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Donald Trump’s rhetoric energizes Muslim voters

Community organizer Humayun Morshed (right, at rear), joined by Cambridge City Councilor Nadeem Mazen (in vote shirt), and organizer Kanwal Haq, spoke at a Cambridge apartment complex. John Blanding/Globe Staff/Boston Globe

In a different election year, Bilal Durrani, a busy electrical engineering student at the Wentworth Institute of Technology, might have ignored the background noise of a presidential campaign.

But when Durrani saw a voter registration table at the Islamic Society of Boston Cultural Center in Roxbury earlier this year, he stopped and did the paperwork.

“After hearing what Donald Trump’s had to say,” he said, “it’s become an obligation to vote.”

Although Trump’s harsh rhetoric regarding Muslims has proved to be hugely popular with his supporters, it is also uniting and galvanizing Muslim voters, spurring unprecedented voter registration drives and get-out-the-vote efforts in their communities, including mosques in Boston, Lawrence, and Sharon.


And those initiatives are targeting potential swing states, such as Florida, Michigan, North Carolina, and Virginia.

“Sometimes, you need a catastrophe or a threat to bring people together,” said Hazem Bata, secretary general of the Islamic Society of North America, whose 53rd annual convention in Chicago over Labor Day weekend offered prime booth space to four organizations helping attendees register people to vote. “Donald Trump is our catastrophe.”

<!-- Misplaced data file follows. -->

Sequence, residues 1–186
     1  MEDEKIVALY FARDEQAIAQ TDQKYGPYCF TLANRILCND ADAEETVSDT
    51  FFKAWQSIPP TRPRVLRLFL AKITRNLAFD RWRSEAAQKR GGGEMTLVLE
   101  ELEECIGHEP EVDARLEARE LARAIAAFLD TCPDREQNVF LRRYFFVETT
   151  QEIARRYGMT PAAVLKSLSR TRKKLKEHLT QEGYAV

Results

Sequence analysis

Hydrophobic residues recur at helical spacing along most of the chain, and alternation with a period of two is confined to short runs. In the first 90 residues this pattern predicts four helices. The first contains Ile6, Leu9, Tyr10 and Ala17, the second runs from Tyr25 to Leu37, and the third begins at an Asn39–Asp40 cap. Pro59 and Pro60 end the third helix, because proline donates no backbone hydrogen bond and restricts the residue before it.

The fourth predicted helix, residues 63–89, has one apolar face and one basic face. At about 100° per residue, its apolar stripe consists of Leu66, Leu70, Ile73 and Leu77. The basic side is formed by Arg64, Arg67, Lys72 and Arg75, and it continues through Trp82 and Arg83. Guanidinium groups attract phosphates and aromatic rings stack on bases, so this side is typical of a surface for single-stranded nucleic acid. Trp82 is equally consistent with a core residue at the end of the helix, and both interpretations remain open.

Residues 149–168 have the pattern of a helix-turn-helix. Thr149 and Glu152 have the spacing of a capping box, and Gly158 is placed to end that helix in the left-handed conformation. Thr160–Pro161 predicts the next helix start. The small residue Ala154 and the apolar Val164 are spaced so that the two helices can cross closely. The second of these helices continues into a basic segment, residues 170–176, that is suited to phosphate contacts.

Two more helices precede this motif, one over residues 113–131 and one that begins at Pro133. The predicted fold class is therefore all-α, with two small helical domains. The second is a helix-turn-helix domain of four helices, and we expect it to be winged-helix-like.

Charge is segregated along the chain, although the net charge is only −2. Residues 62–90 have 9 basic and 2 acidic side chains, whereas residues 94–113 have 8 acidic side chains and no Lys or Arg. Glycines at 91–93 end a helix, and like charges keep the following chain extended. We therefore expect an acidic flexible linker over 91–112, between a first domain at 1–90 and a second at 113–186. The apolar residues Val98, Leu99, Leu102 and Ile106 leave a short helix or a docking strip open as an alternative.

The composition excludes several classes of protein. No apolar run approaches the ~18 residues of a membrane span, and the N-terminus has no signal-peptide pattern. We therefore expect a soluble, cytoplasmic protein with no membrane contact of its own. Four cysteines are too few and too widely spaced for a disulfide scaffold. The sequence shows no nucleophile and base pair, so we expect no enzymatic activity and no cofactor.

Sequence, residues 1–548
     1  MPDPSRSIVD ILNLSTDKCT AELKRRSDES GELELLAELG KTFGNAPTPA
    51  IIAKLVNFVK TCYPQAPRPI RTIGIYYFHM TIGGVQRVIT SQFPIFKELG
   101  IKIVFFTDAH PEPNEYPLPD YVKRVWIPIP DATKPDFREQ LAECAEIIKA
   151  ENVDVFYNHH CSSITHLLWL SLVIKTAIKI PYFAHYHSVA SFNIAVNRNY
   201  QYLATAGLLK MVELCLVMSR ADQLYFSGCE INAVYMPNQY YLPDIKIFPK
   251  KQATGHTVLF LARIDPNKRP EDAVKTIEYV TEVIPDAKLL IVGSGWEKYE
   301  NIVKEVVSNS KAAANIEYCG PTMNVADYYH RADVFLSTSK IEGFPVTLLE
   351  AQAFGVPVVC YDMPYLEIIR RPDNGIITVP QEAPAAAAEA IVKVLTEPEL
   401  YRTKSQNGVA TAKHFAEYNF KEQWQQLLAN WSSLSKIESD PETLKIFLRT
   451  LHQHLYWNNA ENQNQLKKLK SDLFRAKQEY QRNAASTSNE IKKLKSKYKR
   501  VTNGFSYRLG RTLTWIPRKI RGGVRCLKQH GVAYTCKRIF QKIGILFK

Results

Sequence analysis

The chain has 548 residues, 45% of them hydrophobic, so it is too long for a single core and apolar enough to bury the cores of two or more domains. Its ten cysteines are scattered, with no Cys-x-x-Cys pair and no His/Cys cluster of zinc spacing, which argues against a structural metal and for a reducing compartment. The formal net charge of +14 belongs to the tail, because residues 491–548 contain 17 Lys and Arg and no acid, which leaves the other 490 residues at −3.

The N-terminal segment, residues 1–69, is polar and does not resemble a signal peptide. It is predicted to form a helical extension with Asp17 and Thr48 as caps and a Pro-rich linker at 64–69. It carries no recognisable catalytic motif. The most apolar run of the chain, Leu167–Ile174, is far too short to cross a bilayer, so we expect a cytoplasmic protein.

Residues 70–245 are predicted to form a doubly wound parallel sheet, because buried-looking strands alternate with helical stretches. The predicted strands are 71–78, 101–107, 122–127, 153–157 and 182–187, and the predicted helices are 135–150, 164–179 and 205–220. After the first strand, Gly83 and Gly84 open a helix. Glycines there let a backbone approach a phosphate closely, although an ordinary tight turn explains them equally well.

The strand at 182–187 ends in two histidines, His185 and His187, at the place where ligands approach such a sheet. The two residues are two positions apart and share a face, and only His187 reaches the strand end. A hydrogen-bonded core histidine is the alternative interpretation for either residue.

Hillary Clinton’s campaign has a Muslim outreach director and is helping to organize Muslim-American phone banks and surrogate events in battleground states.

The Trump campaign did not respond to requests for comment.

A surge in Muslim electoral participation could have consequences beyond the presidential race, helping Democrats in down-ballot races and perhaps creating a more cohesive voting bloc in future presidential contests. The country’s Muslim population is expected to more than double by 2050, to about 8.1 million, or 2 percent of the total population, according to the Pew Research Center. And Muslims tend to be younger than the general public, according to Pew.

“We’re finally being able to begin to organize,” said Nadeem Mazen, Cambridge’s first Muslim city councilor and a community organizer who created Jetpac Inc., a nonprofit seeking to empower Muslim and other minority voices in civic life. “That will bear fruit in future elections.”


Mahmoud Hassan, president of the Somali Community Center of Maine, helped lead a rally at Portland City Hall on Aug. 5 to protest comments by Donald Trump, who said Maine’s Somali community is linked to an uptick in crime.Ben McCanna/Portland Press Herald/File